I did a lot of reading in December, partly due to some persistent insomnia. Rather than toss and turn and disturb my husband, I go to the couch and read until my eyes start to burn. Here's what I read this month:
**Second Glance by Jodi Picoult--This was published in 2003 and is different than Picoult's usual formula. She tackles ethical issues for sure, in the form of the Vermont Eugenics Project of the 1930's, but there is no courtroom battle and the whole book is told from the same point of view. It's also a ghost story. I enjoyed it very much, and it also sent me to the computer to read more about eugenics, which I knew very little about.
**Endangered by Ann Littlewood--I picked this up at the library because of the cover art. It's the third in a series of zoo mysteries, written by a former zoo keeper. Having once worked with exotic animals (in a veterinary office setting), I could appreciate the author's expertise and details. I also enjoyed her final note about adopting exotic pets, and I learned a lot I didn't know about animal smuggling. The mystery was good too, and I've added the first two books to my to-read list.
**The Bone Woman by Clea Koff--Koff is a forensic anthropologist, and she participated in UN efforts to exhume mass graves in Rwanda, Kosovo, Croatia and Bosnia and charge those responsible for crimes against humanity. Much of the book is her talking about her emotions during such a grisly procedure, but I also appreciated her details on how bones can say so much about who we were and how we lived our lives. I liked it.
**Son by Lois Lowry--A couple of months ago, I picked up the first in the Giver series. This is the final book, published this year. A quick read, and a satisfying conclusion to the story.
**The Story of Stuff by Annie Leonard--Based on the Internet Film by the same name, this book talks about making wise choices when it comes to buying, reusing and throwing away stuff. I agreed with so much of what she says. Most of our electronics are ten years old or more and it has long disturbed me that it's cheaper to buy a new TV or VCR or whatever than it is to fix one that is malfunctioning. However, I had a hard time getting through this book. She makes a lot of excellent points, but it was overall a depressing read.
**A Catered Murder by Isis Crawford--The first in a series I started a couple of months ago. It was good to have the background to how the sisters ended up catering and detecting. I'll continue to read the series.
**The Chardonnay Charade by Ellen Crosby--Number 3 in the Wine Country series. Not my favorite, but a fun read.
**Gathering Blue by Lois Lowry--Number 2 in the Giver series. At first I was disappointed that the characters from the first book are not in this book. But it all comes together if you read all 4 books. As a stand alone, I really liked this one about a society that shuns the weak and the damaged, and Kira, the girl with a twisted leg.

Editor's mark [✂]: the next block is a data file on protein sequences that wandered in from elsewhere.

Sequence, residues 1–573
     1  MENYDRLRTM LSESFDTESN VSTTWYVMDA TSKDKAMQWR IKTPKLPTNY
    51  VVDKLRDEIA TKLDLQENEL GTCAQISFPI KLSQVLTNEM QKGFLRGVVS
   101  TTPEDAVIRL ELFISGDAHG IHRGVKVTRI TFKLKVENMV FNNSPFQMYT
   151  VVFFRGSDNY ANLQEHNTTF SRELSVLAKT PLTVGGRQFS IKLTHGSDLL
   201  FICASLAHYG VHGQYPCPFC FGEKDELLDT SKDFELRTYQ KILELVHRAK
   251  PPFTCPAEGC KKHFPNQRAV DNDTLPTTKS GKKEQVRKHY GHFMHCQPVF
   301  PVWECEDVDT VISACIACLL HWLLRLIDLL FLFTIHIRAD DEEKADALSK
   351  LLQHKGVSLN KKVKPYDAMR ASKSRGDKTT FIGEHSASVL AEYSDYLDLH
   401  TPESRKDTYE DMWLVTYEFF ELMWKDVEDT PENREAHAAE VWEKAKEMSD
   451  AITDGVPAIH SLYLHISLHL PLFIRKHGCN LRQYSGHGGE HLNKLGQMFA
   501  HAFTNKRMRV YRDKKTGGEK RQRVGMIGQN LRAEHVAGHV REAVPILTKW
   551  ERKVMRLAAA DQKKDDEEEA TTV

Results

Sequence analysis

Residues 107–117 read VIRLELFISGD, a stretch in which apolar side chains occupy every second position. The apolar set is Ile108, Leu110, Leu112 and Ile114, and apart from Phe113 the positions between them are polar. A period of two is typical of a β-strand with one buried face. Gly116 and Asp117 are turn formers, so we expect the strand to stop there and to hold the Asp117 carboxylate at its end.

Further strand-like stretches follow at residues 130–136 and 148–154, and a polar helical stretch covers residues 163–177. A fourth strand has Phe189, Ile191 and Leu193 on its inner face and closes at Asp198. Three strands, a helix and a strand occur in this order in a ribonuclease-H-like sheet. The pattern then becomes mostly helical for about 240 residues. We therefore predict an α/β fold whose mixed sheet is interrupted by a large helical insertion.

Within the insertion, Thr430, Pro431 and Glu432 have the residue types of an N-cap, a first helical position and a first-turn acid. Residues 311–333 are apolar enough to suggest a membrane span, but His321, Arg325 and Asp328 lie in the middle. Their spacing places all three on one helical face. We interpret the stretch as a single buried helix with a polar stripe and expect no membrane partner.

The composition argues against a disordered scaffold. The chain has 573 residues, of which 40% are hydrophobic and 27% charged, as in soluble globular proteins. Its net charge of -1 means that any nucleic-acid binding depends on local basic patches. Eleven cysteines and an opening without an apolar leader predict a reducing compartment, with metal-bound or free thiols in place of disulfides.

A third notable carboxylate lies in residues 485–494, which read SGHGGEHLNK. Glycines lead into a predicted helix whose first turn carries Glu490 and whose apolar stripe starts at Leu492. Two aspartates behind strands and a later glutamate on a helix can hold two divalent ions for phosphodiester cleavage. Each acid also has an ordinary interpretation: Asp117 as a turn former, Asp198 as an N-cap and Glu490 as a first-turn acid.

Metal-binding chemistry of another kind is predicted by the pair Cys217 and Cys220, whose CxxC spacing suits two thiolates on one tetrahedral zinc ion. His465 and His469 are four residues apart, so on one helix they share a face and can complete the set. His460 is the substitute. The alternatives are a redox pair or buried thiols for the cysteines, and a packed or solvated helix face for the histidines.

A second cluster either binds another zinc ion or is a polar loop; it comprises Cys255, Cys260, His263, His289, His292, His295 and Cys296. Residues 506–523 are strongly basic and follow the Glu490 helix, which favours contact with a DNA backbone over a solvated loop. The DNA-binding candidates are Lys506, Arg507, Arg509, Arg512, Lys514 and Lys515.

**The Bordeaux Betrayal by Ellen Crosby--Number 2 in the series. I found the history behind the mystery a little hard to follow. But I like the developing relationship between Lucie and her winemaker, Quinn. And I learned more about wine making!
**Titanic's Last Secrets by Brad Matsen--Shipwreck mysteries fascinate me. It's been 100 years since Titanic hit an iceberg and sunk, and what exactly happened is still up for debate. In this book, the wreck divers from Shadow Divers take a stab at the Titanic mystery. I tend to agree with their conclusions. My complaint with the book was the schematic of the ship was nearly impossible to understand. Tiny print with lots of lines everywhere, and it made it hard for me to understand exactly how the ship was built.
**Poseidon's Arrow by Clive Cussler--The latest in Cussler's Dirk Pitt adventures. I enjoyed it, but it seems with each book the body count gets higher and the bad guys get crazier.
**Messenger by Lois Lowry--Number 3 in the series. I was happy to see Jonas return. I enjoyed it.
**The Immortal Life of Henrietta Lacks by Rebecca Skloot--Henrietta Lacks was a black woman from Baltimore who died from cervical cancer in 1951. Molecular biology was still in its infancy. From tissue samples from Henrietta's cervical tumors came the first line of immortal cells. From this line of cells came important life saving research on vaccines, cancer, etc. But her family didn't know that her tissue had been taken, and they never saw a cent from what became a huge commercial venture. An interesting read about bioethics, what happens to our tissues when they are taken from us, and a ton of historical information that I did not know. A fascinating and thought provoking read.
Have you read anything good recently?